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I am reading a book on operator and matrix representation. Most of the examples are on Physics and they mention many terms like 'commute', i.e. the order of application of two operators might be matter. Anyway, let say I have an operator $\hat{x}$ which is within the exponential $\exp(\hat{x})$, we know that this could be expanded in matrix form. If there is one more operator $\hat{y}$ such that $\exp(\hat{x} + \hat{y})$, generally, we don't have $$ \exp(\hat{x} + \hat{y}) = \exp(\hat{x})\exp(\hat{y}). $$ I don't know why and what leads to above conclusion but I just read this from the book. My question is if instead adding the second operator, we add a number ($\phi$) to the first operator like $\exp(\hat{x} + \phi)$, is it ALWAYS true to have $$ \exp(\hat{x} + \phi) = \exp(\hat{x})\exp(\phi) = \exp(\phi)\exp(\hat{x}) $$ even $\hat{x}$ is an operator?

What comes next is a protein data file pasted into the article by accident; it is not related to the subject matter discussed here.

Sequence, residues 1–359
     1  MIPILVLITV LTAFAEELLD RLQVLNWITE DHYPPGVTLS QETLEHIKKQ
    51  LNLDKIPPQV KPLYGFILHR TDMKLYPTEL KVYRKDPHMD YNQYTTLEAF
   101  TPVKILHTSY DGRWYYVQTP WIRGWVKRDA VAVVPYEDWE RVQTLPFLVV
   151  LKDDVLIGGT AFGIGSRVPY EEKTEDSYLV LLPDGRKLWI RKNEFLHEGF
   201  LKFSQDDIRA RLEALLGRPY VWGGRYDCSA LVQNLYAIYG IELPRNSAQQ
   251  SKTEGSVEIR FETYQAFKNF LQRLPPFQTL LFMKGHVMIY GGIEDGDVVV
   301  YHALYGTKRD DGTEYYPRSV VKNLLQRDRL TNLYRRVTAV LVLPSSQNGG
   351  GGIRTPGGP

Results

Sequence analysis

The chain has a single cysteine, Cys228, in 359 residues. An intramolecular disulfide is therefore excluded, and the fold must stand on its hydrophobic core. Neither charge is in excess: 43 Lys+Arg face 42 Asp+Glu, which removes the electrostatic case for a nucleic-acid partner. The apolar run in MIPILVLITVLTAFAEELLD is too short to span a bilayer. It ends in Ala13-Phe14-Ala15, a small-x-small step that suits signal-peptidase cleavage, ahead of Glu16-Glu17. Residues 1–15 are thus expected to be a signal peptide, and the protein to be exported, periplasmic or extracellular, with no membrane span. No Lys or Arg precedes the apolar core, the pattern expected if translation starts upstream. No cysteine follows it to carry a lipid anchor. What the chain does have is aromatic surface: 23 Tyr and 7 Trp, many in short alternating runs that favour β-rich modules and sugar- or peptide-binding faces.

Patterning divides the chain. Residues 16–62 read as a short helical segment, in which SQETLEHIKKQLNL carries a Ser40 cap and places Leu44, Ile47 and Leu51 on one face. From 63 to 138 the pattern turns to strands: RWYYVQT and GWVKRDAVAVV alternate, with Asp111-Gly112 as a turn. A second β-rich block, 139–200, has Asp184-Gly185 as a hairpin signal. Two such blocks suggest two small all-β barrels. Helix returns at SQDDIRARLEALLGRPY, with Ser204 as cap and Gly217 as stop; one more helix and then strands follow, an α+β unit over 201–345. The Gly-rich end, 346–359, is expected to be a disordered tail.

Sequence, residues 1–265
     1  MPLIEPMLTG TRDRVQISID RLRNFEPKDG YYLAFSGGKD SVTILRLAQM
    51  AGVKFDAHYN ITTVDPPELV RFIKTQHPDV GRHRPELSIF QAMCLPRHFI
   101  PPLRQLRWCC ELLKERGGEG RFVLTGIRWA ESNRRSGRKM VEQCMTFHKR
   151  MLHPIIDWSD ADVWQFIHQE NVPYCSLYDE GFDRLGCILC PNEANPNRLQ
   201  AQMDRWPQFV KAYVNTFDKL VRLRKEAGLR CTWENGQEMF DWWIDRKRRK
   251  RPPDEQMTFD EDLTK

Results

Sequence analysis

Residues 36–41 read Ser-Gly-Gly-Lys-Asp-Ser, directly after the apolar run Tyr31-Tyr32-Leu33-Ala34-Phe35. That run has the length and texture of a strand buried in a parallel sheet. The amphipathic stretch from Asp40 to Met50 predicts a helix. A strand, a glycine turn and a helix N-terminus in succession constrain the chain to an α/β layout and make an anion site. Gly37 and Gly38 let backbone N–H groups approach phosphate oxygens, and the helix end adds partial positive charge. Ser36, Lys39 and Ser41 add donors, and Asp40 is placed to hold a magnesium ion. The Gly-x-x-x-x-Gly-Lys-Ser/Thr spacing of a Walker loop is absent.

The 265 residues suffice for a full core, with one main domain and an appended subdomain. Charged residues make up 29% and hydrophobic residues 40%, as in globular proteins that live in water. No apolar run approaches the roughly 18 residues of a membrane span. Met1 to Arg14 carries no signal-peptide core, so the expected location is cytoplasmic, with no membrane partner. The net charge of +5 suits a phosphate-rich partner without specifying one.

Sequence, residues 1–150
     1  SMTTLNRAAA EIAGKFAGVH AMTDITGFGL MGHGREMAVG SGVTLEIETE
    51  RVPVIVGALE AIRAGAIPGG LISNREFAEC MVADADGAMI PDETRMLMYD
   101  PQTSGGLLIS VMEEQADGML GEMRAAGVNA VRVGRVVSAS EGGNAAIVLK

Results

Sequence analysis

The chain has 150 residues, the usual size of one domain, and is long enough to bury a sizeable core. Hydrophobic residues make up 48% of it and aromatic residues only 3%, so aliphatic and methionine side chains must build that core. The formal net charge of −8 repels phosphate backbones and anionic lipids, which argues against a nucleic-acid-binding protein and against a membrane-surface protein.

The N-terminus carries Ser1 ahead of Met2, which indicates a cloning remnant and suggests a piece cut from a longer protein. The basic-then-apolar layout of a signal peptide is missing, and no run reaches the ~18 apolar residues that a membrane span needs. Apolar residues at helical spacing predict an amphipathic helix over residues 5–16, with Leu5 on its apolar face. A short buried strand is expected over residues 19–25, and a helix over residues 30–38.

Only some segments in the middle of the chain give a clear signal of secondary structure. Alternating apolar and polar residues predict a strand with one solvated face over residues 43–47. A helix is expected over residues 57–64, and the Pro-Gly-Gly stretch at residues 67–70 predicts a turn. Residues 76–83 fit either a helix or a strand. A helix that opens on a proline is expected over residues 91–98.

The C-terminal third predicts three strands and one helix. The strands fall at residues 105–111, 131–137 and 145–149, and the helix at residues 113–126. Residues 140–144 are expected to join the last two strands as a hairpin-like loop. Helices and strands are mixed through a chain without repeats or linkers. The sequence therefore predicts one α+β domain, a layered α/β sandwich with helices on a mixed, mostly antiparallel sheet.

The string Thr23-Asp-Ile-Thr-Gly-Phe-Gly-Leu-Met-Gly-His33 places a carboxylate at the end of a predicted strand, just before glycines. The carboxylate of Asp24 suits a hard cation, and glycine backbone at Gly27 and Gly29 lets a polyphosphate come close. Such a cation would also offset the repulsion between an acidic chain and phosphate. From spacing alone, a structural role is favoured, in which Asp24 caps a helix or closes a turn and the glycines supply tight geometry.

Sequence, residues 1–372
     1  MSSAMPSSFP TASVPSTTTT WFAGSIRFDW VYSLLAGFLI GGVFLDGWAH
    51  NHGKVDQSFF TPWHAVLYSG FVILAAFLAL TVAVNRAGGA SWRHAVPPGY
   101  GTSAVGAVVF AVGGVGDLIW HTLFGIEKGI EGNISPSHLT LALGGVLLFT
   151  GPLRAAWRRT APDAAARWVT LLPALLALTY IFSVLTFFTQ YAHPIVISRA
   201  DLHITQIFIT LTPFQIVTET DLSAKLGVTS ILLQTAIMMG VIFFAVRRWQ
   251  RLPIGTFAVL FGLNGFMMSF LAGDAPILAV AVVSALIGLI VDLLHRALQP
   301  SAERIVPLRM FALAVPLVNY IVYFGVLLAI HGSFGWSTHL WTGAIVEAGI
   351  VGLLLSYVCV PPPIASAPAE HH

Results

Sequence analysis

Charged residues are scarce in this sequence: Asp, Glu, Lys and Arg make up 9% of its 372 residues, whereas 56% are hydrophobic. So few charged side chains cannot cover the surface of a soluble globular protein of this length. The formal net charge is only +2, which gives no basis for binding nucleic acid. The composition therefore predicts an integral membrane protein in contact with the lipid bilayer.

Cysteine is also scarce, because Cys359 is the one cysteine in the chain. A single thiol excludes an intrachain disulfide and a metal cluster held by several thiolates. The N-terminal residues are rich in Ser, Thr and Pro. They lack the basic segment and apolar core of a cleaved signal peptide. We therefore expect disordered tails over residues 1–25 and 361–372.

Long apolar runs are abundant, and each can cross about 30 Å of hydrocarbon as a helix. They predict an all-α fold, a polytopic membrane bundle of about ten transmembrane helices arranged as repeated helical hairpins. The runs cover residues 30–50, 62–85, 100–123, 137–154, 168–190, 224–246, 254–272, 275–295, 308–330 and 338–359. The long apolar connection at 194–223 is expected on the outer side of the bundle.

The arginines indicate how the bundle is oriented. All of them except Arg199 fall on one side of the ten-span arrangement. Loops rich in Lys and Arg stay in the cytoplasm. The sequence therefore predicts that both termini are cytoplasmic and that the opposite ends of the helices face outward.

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Yes, this is true whenever the operators $\hat x$ and $\hat y$ commute. – Marek Jan 17 '13 at 12:31
Thanks Marek. So if y is number instead of operator, it always commute with any operator, is that right? – user1285419 Jan 17 '13 at 20:59
What is denoted by a number really means a scalar operator in this contest, i.e., multiplication by said number. A scalar operator commutes with any linear operator T because T(cx) = cT(x) by the linearity of T. – user53153 Jan 18 '13 at 5:59

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